Obama: The First Mestizo Leader North of the Border
Carlos Fuentes’ most recent book is Happy Families, a collection of short stories. Along with Brazilian President Luiz Inacio Lula da Silva, he was recently awarded the Quixote Prize by the king of Spain. The following essay has been translated from the Spanish.
Mexico City—The historical election of Barack Obama—the first “mestizo”—to the White House will go a long way toward redeeming the promise of the United States in the eyes of the world, particularly after the truly ruinous Bush tenure. For the first time, a mixed-race leader will have come to power north of the border.
Obama will face the most difficult agenda since Franklin Roosevelt assumed the presidency in 1933 in the midst of the Great Depression. Bush’s market fundamentalist ideology—that the market can manage itself with minimal regulation from the state—has led to the remarkable national recapitalization (some would call it nationalization) of top American banks.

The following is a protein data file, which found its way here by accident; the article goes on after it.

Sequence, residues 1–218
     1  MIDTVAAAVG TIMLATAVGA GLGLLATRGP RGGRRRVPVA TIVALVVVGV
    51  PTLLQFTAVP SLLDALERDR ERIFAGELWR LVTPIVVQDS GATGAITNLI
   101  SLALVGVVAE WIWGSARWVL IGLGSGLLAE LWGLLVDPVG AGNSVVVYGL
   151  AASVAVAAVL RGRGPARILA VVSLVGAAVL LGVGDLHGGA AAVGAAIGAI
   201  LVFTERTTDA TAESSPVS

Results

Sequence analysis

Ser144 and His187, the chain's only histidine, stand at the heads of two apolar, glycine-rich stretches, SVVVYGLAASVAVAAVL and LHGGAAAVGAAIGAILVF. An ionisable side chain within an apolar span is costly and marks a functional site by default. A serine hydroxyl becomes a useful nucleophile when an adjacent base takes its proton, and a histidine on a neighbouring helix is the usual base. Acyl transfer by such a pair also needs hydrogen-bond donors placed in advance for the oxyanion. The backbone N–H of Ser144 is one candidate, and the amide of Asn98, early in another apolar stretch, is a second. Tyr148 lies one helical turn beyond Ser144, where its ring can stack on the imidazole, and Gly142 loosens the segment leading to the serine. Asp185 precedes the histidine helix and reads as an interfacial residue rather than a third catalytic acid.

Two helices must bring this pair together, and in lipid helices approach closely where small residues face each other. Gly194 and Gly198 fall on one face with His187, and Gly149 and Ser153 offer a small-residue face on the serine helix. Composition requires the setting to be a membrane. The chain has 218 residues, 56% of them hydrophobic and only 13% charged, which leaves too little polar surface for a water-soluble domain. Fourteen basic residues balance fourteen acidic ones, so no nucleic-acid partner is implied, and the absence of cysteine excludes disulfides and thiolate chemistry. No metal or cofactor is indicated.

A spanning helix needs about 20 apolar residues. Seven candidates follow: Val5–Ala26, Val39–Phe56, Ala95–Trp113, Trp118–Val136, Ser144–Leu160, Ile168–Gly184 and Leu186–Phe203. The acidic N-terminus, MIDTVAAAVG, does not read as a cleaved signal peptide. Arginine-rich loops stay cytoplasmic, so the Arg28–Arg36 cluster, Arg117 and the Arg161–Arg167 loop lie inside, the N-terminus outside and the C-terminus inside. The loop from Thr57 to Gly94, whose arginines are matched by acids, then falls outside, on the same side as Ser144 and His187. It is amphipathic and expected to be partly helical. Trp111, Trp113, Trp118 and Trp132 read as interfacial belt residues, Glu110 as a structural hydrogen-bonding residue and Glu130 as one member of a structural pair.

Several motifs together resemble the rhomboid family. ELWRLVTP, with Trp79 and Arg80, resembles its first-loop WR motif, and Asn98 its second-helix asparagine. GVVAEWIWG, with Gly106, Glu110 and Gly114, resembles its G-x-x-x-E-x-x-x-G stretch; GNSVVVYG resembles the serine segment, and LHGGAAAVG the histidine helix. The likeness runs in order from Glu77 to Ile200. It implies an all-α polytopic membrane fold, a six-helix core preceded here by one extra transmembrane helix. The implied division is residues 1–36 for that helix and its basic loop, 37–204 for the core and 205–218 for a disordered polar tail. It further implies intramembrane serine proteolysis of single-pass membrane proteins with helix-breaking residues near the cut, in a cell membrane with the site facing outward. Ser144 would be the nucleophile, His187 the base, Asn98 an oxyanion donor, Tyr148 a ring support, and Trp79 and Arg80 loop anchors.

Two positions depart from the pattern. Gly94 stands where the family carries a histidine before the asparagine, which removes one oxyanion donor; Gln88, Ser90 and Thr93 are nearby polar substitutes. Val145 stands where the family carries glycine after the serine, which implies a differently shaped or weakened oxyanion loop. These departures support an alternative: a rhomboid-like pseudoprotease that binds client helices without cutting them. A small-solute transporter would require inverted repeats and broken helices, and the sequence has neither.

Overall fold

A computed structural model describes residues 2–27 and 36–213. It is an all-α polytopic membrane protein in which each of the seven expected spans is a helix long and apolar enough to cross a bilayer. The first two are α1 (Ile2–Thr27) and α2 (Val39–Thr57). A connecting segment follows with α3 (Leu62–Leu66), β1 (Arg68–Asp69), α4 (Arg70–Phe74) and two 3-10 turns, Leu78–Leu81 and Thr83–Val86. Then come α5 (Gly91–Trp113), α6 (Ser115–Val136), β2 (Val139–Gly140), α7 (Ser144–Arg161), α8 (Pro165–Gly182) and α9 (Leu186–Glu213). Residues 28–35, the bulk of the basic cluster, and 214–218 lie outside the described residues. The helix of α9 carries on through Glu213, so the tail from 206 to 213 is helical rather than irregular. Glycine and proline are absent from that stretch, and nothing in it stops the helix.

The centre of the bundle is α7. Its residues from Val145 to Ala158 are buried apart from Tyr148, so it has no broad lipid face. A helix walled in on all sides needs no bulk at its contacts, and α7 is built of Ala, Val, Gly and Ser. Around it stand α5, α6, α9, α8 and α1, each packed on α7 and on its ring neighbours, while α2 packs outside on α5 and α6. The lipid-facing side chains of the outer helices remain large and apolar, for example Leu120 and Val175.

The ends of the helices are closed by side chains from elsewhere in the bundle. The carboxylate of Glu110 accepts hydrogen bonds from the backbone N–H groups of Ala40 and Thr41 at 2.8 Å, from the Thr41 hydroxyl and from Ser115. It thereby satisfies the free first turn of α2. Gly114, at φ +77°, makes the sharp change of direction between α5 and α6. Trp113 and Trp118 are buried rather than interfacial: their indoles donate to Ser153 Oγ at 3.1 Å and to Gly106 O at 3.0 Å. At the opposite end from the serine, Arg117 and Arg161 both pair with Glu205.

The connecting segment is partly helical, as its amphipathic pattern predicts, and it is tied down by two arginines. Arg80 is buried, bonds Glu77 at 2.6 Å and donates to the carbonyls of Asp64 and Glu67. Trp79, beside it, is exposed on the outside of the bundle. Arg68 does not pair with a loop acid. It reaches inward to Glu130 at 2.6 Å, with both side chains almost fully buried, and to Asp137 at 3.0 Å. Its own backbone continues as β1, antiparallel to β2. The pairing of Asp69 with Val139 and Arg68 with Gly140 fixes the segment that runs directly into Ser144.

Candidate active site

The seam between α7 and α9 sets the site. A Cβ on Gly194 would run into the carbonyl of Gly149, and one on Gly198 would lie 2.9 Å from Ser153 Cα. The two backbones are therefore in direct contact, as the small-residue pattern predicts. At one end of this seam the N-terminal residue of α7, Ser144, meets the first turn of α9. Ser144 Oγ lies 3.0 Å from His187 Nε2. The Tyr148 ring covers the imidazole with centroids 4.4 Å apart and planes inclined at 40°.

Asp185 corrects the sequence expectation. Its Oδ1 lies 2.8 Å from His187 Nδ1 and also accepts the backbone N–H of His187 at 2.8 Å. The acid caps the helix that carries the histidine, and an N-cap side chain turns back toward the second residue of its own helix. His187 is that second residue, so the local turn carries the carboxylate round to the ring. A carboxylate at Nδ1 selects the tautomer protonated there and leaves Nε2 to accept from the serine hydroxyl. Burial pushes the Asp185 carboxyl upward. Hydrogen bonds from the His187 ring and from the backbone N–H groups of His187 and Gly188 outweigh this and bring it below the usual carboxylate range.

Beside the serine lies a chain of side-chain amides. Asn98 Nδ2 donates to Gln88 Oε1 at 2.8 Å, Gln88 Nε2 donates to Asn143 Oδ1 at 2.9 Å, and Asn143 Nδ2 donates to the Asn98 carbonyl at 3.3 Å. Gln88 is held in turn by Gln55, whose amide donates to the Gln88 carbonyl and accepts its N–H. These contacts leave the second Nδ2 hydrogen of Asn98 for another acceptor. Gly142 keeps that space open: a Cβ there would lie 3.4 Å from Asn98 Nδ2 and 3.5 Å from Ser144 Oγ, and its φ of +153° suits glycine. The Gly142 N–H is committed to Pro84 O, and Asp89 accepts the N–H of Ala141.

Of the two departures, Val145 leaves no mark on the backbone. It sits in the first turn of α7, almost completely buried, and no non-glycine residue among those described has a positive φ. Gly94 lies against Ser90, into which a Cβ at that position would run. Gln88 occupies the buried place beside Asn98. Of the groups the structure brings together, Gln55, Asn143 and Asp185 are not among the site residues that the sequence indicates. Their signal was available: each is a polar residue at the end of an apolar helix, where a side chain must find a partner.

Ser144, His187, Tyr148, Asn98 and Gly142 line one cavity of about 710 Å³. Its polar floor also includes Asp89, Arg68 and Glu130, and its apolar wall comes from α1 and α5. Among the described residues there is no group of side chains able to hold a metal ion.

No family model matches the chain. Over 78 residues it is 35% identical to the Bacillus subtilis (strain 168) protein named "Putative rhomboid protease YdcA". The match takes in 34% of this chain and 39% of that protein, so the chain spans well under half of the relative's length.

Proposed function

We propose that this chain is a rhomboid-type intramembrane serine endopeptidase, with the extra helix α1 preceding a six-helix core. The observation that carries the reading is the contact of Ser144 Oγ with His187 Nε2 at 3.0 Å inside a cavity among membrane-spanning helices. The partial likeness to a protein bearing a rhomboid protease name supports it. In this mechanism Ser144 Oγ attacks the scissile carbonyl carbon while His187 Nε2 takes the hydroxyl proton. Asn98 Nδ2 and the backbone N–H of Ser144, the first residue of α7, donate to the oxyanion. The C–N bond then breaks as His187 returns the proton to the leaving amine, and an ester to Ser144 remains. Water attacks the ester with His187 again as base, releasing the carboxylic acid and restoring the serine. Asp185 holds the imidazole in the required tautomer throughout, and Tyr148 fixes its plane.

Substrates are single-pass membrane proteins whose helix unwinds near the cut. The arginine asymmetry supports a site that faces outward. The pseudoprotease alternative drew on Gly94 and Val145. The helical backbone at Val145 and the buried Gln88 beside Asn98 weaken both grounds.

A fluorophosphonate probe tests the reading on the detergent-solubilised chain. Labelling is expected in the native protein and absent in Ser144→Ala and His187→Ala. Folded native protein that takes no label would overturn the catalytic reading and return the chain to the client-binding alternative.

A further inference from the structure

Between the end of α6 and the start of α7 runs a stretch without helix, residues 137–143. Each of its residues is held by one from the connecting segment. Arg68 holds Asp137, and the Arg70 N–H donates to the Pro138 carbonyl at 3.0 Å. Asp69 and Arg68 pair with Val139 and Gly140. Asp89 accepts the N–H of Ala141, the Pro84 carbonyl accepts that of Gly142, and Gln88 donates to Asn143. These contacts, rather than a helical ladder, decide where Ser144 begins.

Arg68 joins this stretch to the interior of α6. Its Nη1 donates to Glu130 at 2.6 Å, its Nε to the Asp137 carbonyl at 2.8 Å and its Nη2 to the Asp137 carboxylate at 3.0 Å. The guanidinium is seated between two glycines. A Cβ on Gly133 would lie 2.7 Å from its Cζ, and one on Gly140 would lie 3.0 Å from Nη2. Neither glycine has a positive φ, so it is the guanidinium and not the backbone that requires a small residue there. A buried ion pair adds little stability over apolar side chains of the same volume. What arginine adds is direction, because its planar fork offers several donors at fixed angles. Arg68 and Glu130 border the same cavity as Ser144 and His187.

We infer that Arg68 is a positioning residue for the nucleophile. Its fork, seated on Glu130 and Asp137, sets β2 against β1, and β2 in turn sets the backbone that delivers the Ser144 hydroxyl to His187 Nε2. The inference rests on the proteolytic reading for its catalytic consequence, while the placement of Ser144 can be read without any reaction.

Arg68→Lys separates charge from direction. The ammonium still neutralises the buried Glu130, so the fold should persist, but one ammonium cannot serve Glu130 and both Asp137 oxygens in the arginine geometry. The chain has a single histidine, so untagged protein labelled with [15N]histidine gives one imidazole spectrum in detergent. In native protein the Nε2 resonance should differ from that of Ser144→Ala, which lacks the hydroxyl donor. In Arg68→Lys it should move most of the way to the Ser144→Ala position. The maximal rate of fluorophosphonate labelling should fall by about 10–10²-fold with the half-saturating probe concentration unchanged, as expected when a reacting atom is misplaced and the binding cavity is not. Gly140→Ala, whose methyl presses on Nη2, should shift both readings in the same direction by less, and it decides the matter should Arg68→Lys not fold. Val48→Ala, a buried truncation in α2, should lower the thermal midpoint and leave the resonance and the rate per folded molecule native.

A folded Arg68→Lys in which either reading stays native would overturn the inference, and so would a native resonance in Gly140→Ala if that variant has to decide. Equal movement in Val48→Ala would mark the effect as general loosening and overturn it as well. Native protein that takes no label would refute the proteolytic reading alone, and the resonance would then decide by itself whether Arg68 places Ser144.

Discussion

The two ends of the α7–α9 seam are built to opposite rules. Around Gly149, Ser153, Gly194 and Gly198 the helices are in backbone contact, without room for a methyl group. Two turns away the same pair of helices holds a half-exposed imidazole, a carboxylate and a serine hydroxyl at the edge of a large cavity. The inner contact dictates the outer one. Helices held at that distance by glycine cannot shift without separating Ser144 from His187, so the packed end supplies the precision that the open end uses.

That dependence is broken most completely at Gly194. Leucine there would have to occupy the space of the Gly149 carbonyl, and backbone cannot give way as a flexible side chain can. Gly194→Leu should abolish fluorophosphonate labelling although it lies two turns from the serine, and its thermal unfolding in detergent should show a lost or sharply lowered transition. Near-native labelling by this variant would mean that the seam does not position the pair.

Without doubt, the next US president will have to increase the economic role of the state, raise taxes, expand public spending and apply a policy of redistribution on a grand scale.
Unemployment will increase. Profits will fall. And the abyss between the haves and the have-nots will be plain for all to see. The middle class will slide toward greater poverty. Resentment will grow between those who can barely pay for a university education and for health care, and those in the financial world with their shameless bonuses and “golden parachutes.”
Yet, I do not underestimate the capacity of the US—especially under a Democratic administration led by Obama—to recover. But the investment should be directed away from anything that smells of market speculation and toward the modernization of infrastructure. A visitor to the US is astonished at the deterioration of dams, railroads, public spaces and schools—not to mention the absence of decent health care and pensions—above all in comparison with Europe.
The election of Obama has certainly thrilled those of us who must live with the choices of the democratic process in the US, even though we live outside the country.